The U.S. government is collecting far less phone records than it previously did, but the number still being collected is enough to alarm both 4th Amendment and privacy advocates. Obtained by the National Security Agency (NSA) in 2016 were 151 million records, via a new system put together by Congress replacing the secret bulk data collection program revealed by Edward Snowden in 2013.
Under the system previously used, the amount of records collected on a daily basis would regularly number in the hundreds of millions. A new report, published by the Office of the Director of National Intelligence reveals that the NSA is still collecting a significant amount of calling data — despite the mechanisms put in place to protect Americans' privacy.
Ever since the establishment of the USA Freedom Act telecommunications companies have only been required to turn over the records of people suspected to be involved in criminal or terrorist activities, and only after obtaining a court order. The U.S. government only obtained 42 such orders in 2016, accounting for the 151 million records previously mentioned.
While it sounds like a large number, you must consider they are counting years of telephone records for each suspect and that each individual call record, if processed between 2 telecommunication carriers, that call record is counted twice.
Interestingly enough, according to the report, the number of suspects whose e-mails were collected and read via warrantless surveillance was only one. This warrantless surveillance is allowable under amendments to the Foreign Intelligence Surveillance Act (FISA).
Privacy advocates have sounded-off against the government’s ability to search the raw repository of private citizen’s emails. This practice, known as a "backdoor search loophole" in the 4th Amendment has been criticized by many who feel that a warrant should be obtained prior to the disclosure of phone or e-mail records.
The report also sheds light on how intelligence reports written by the National Security Agency protected Americans in instances of incidentally collected identifying information. Names are now redacted — unless they are necessary to have to understand foreign intelligence.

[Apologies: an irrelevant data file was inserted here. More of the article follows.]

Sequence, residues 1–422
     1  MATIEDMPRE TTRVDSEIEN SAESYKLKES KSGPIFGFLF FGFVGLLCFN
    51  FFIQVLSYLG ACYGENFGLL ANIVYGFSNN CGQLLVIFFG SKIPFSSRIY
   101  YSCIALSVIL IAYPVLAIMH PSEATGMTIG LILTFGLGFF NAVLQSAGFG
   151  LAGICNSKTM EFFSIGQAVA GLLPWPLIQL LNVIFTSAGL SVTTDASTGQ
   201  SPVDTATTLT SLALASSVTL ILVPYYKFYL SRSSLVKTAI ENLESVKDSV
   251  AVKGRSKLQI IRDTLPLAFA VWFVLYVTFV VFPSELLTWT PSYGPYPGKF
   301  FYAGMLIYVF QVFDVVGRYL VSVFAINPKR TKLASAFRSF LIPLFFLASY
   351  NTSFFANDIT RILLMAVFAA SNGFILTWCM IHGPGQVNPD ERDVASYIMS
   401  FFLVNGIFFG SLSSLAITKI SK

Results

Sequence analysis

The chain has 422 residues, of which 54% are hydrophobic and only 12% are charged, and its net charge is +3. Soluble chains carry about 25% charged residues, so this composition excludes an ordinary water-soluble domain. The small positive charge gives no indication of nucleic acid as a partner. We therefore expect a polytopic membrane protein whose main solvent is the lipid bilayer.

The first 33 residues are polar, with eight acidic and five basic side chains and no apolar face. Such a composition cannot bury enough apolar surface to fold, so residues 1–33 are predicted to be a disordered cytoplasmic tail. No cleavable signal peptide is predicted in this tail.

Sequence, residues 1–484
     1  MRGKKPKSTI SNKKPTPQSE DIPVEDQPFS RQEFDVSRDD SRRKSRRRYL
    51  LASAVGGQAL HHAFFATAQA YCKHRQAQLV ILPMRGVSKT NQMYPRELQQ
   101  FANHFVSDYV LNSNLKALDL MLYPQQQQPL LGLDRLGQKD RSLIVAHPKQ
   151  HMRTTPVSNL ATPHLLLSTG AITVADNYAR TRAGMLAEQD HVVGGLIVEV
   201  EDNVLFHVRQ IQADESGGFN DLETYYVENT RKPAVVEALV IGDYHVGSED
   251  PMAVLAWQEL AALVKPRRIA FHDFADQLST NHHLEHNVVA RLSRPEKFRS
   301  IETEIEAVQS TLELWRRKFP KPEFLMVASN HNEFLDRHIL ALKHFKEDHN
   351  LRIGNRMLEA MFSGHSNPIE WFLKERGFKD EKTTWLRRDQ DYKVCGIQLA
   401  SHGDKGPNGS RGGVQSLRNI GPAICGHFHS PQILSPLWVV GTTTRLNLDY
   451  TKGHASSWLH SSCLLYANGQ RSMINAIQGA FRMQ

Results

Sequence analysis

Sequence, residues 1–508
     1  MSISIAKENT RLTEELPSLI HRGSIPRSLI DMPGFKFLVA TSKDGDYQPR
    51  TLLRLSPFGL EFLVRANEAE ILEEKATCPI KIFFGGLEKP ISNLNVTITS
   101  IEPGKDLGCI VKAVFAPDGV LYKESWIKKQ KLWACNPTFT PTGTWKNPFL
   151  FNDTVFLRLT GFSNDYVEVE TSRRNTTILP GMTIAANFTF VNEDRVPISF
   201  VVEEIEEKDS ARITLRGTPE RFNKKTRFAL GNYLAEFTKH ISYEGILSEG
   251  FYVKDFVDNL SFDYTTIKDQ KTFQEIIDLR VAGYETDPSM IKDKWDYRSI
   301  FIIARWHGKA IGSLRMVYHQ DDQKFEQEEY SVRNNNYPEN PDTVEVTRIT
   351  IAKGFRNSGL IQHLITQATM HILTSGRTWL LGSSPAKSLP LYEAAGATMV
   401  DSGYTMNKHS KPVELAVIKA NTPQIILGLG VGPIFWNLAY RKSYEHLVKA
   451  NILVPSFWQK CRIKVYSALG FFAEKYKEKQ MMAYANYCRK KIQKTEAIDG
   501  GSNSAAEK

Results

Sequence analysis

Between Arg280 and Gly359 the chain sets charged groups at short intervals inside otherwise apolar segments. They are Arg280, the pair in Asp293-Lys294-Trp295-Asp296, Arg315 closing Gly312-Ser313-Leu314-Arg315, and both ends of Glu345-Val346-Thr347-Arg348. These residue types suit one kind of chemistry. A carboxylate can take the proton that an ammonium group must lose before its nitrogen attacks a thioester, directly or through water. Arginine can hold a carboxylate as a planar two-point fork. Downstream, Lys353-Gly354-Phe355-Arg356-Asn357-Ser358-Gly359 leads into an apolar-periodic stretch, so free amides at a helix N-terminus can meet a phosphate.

Potentially, we may have changes to the way this data is collected as the expiration of the last authorization of FISA is coming up at the end of this year. The law was originally written in 1978 and allows government spying on agents of foreign powers.
Specifically under criticism, within the FISA, is Section 702, which authorizes the National Security Agency to collect large volumes of U.S. companies’ telecommunications and Internet data; and analyze the communications linked to foreigners.
Defenders of civil liberties as well as privacy advocates have accused both the NSA and the FBI of abusing their powers under Section 702’s Internet program. It is code-named PRISM, to surreptitiously surveil innocent Americans.
On two previous occasions, the U.S. House of Representatives has passed amendments banning the NSA from searching the Section 702 database for information on Americans. However, those amendments were taken out of the bills as they passed through the U.S. Senate.
Even with constitutional protections, Americans phone records can still be obtained without a warrant. FBI agents can use the evidence they obtain, although they must notify defendants that the evidence against them includes information gathered warrantlessly.
Post 9-11 America will collectively make the decision again by year's end to either trample on the 4th Amendment in the name of security, or fight against what many consider heavy-handed and unconstitutional investigative methods.
Julio Rivera is an entrepreneur, small business consultant and political activist. He contributes to RightWingNews.com and NewsNinja2012.com, and had previously covered boxing and baseball for the now defunct "The Urban News" in his native Paterson, N.J. For more of his reports, Go Here Now.